I want to now build on what we did in the last
video on the Keynesian Cross and planned
aggregate expenditures and fill in a little bit more
on the details and think about how this could be
of useful conceptual tool for Keynesian thinking.
Let's just review a little bit.
I'll rebuild our planned aggregate expenditure
function, but I'll fill in little bit of the details.
Let's say this is planned, planned aggregate
expenditures and this is going to be equal to
You'll often see it in a book written like this:
Consumption as a function of aggregate income
minus taxes and I want to be very clear here.
They're not saying that this term should be
aggregate income times aggregate income
They're saying that consumption is a function of
this right over here; the same way we would say
that F is a function of X, but if you give me a
Y-T or essentially if you give me a disposable
income right over here, I will give you a consumption.
If you actually want to deal with this directly
mathematically, analytically, you'd have to define
what this function is, but I'll write it like this
now and in the next step I'll actually define what
our consumption function is.
This is just saying an arbitrary consumption function
and it is a function of disposable income.
It's going to be your consumption function plus
your planned investment, which we're going to
assume is constant, plus government expenditures
plus net exports.
Plus net exports.
A couple of videos ago we built some simple models
for consumption function so let's put one of those in.
Let's say that our consumption function,
so aggregate consumption is a function of
disposable income, as a function of income
Let's say that's going to be equal to some
plus the marginal propensity to consume.
(Maybe I don't have to keep switching colors because
we've seen this before.)
Plus the marginal propensity to consume
times disposable income. Times disposable income.
Now you see that consumption, aggregate
consumption is being defined.
It's being defined as a function of
That's what that notation right over there means.
We could substitute this function expression
with this stuff in green right over here.
We can say aggregate planned expenditure,
is equal to, this is our consumption function,
so it's equal to (Oh, I'll do it in that same
yellow.) it's equal to autonomous consumption
plus the marginal propensity to consume times
disposable income which is aggregate income
minus taxes and then of course we have the
other terms plus planned investment plus
government spending plus net exports.
Plus net exports.
Then we can simplify this a little bit just so
it makes clear what parts of this are constant
and what parts aren't, what parts are a function
For the sake of this little lesson right over here,
you might remember a few videos ago,
we can have a debate whether taxes should be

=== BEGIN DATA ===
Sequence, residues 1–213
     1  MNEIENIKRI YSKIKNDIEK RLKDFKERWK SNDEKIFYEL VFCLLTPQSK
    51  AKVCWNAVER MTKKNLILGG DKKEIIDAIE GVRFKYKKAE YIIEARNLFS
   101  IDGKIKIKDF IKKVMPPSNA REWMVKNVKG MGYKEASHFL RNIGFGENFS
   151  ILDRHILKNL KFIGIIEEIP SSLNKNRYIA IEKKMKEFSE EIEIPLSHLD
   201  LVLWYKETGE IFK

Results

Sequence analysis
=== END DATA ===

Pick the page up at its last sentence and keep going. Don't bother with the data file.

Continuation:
a function of income or not.
In the real world, taxes really are a function
of income, but for the sake of this analysis
we'll just assume that like investment,
planned investment, government spending and
net exports, we'll assume for the sake of
this presentation we're going to assume this is
constant. Assume that this is constant.
This is constant.
If we assume that that's a constant, we can
multiply (And actually even if we didn't
assume it's a constant we could still multiply,
but then we'd want to redefine this in terms of Y)
but we can distribute the C1 and so we get
- We get; I don't have to keep writing that
- this part right over here, we have our
(C1xY)+(C1 x aggregate income) - the marginal
propensity to consume times taxes + all of this
Actually I could just copy and paste that,
plus all of this other stuff.
Let me copy it and then let me paste it.
Plus all of this other stuff and that is equal to
our planned expenditures; planned expenditures.
Now we can think about well this part right over here,
this is the function, this is how aggregate
income is really driving it.
Everything else is really a constant here.
Let's write it in those terms.
Let's write it in those terms.
We have aggregate planned expenditure is equal
to the marginal propensity to consume times
our aggregate income; times our aggregate income.
That's this term right over here.
I'll box it off.
Everything else is a constant, so plus the C sub 0
which was our autonomous expenditures,
minus (C sub 1 X T)
so the marginal propensity to consume times T
and these are both constants for the sake of
our analysis so this whole thing is a constant
and then plus all that other stuff.
Then plus all of that other stuff there.
This might look like a really fancy, complicated
formula, but it's actually pretty straight forward
because we're assuming for the sake of our analysis
that all of this, all of this right over here,
all of this is constant.
If you were to plot this right over here,
it would look something like this.
Let us plot it.
Really this is almost exactly what we did in the
last video, but we're now filling in some details.
Our independent variable is going to be
aggregate income or GDP, however you want to
view it, and then our vertical axis is expenditures.
Expenditures and so if we wanted to plot this,
the constant part, this thing right over here,
if I were to redefine this whole thing as B,
that would be where we intersect the